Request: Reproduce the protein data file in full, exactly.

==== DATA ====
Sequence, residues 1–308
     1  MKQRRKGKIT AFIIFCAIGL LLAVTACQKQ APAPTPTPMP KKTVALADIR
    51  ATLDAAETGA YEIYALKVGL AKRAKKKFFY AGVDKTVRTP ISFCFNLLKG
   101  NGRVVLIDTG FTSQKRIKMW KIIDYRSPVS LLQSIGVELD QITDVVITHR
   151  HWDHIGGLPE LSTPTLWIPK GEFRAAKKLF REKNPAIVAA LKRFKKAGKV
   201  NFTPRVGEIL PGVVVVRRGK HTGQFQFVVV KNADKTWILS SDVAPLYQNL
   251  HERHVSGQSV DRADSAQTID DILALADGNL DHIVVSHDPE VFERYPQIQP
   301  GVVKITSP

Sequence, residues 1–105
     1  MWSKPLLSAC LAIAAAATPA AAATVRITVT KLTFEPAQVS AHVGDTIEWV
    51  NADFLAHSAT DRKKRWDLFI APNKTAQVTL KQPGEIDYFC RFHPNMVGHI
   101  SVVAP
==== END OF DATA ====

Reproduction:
Sequence, residues 1–308
     1  MKQRRKGKIT AFIIFCAIGL LLAVTACQKQ APAPTPTPMP KKTVALADIR
    51  ATLDAAETGA YEIYALKVGL AKRAKKKFFY AGVDKTVRTP ISFCFNLLKG
   101  NGRVVLIDTG FTSQKRIKMW KIIDYRSPVS LLQSIGVELD QITDVVITHR
   151  HWDHIGGLPE LSTPTLWIPK GEFRAAKKLF REKNPAIVAA LKRFKKAGKV
   201  NFTPRVGEIL PGVVVVRRGK HTGQFQFVVV KNADKTWILS SDVAPLYQNL
   251  HERHVSGQSV DRADSAQTID DILALADGNL DHIVVSHDPE VFERYPQIQP
   301  GVVKITSP

Sequence, residues 1–105
     1  MWSKPLLSAC LAIAAAATPA AAATVRITVT KLTFEPAQVS AHVGDTIEWV
    51  NADFLAHSAT DRKKRWDLFI APNKTAQVTL KQPGEIDYFC RFHPNMVGHI
   101  SVVAP